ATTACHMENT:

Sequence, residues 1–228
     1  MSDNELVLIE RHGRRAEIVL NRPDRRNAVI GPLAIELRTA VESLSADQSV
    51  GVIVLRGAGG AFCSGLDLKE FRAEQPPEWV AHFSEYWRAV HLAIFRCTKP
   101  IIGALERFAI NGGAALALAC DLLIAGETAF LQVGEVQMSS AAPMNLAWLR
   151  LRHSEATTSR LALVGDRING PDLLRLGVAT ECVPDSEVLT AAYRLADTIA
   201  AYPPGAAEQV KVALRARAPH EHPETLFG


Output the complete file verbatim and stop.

Sequence, residues 1–228
     1  MSDNELVLIE RHGRRAEIVL NRPDRRNAVI GPLAIELRTA VESLSADQSV
    51  GVIVLRGAGG AFCSGLDLKE FRAEQPPEWV AHFSEYWRAV HLAIFRCTKP
   101  IIGALERFAI NGGAALALAC DLLIAGETAF LQVGEVQMSS AAPMNLAWLR
   151  LRHSEATTSR LALVGDRING PDLLRLGVAT ECVPDSEVLT AAYRLADTIA
   201  AYPPGAAEQV KVALRARAPH EHPETLFG